Annoyed Librarian
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Inside Annoyed Librarian

A Library-Free County

Public libraries offer a little taste of civilization in even the most remote places. Often, no matter how far removed you are from urban centers or busy trading locations, non-fast food restaurants or buildings over two stories, walking into a public library can give you a glimpse at a wider world. Some people think the internet is like that, but the internet has become a cesspool of conspiracy, hate, and feel good animated gifs. Besides, it rarely offers free access to contemporary books. That’s why it’s always sad to see public libraries close, especially in rural areas. It doesn’t happen often en masse, but it’s happening now in rural Oregon, where ten branches of the county library system have just closed. Granted, some of these libraries serve very small towns like Drain, population 1,151, or Glendale, population 874, but the county is 5,134 square miles, so it’s not like driving over to the county seat is a short trip, even if the main library at the county seat wasn’t ...
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Libraries in the Fake News

Supposedly, librarians are going to help the world deal with “fake news.” We’ve been hearing a lot about that for months. It’s going to be an uphill battle, though. Consider this article, California School Defunded for Having Too Many White Students. It’s from a “news” site called Newsline. It must be real news because it has “news” right there in the title. The headline is certainly provocative, isn’t it? It’s not true, but it’s definitely provocative. There’s a hint of truth, though. There is a California school that is losing some additional state funding under a school integration program begun in 1978 that guarantees extra funding for schools with more than 70% non-white students. The school in California now has more than 30% white students, and so it no longer qualifies for the funds. That seems to be a simple statement of fact, and what websites do with it shows the difference between news and propaganda. One of the absences of these propaganda articles from both ...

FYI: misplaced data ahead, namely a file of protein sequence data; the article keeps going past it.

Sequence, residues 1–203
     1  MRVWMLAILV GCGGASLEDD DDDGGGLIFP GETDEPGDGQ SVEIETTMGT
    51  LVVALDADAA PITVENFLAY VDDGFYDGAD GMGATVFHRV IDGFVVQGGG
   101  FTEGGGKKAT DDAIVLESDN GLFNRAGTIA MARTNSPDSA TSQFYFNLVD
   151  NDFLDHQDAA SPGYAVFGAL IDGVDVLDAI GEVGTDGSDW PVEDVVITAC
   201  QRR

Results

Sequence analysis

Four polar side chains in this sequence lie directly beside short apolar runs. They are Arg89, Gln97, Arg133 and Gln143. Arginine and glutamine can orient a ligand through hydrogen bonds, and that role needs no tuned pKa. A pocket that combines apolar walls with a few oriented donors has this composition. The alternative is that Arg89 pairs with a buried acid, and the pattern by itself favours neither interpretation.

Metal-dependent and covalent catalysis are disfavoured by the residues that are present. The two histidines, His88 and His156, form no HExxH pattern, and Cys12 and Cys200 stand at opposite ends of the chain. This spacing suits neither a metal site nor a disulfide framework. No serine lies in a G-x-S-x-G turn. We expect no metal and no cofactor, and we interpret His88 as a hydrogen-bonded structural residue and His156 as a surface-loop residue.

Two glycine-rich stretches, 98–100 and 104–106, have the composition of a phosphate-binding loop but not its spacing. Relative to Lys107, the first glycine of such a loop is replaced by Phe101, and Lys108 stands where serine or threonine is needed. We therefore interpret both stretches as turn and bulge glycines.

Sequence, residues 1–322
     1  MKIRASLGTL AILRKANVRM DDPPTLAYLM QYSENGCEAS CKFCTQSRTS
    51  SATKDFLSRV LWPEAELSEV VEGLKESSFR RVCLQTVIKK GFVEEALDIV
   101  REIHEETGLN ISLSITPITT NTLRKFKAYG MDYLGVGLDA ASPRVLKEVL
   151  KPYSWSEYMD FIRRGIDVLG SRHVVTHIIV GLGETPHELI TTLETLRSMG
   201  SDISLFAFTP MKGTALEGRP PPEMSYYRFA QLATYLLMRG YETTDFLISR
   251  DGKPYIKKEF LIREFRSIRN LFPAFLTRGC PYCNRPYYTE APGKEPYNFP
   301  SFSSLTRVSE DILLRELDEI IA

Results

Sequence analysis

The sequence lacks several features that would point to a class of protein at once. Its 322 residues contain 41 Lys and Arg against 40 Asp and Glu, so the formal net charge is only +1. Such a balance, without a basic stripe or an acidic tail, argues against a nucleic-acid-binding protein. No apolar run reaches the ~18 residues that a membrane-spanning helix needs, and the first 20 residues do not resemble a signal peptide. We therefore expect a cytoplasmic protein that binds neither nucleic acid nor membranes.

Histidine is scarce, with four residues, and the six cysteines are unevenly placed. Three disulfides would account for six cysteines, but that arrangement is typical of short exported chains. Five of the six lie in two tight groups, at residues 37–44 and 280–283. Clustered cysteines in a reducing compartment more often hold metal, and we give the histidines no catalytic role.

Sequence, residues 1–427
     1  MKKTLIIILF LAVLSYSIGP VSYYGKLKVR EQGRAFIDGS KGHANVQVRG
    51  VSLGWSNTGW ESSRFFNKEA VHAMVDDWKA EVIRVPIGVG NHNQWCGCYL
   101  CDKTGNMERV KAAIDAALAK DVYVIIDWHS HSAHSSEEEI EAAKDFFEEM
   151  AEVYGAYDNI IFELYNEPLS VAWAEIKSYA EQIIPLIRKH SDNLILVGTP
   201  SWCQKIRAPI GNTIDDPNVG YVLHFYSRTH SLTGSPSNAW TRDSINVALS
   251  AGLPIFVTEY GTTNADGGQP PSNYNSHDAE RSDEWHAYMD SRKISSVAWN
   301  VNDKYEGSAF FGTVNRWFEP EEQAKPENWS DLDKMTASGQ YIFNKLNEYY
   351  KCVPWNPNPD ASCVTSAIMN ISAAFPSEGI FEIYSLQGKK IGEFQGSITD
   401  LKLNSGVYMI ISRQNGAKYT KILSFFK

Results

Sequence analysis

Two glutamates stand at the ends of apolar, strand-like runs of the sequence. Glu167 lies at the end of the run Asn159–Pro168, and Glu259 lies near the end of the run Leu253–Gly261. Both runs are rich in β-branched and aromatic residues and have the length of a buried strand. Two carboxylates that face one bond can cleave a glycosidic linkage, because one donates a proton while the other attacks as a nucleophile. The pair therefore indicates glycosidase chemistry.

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Fun with Petitions

It’s always a little bit fun to watch what happens when a library gets rid of a lot of books. The protesters come out, sometimes with good reasons to protest the elimination of the books, but mostly full of baseless alarm and nostalgia. The response to this county law library in Massachusetts is no different. Well, maybe a little different. In a transition from a 1930s courthouse to a new “justice center,” the collection of print law books was reduced by some very large amount, and the book collection was moved to a small space away from the first floor to make space for a legal service center. The usual justifications were used. The books had seen declining use over the years. There weren’t many in-person visitors anymore. A lot of the books were outdated. And, of course, all the relevant legal material is online, and there are folks in the service center to help people with that research. That hasn’t prevented people from protesting. For example, one concerned person “said ...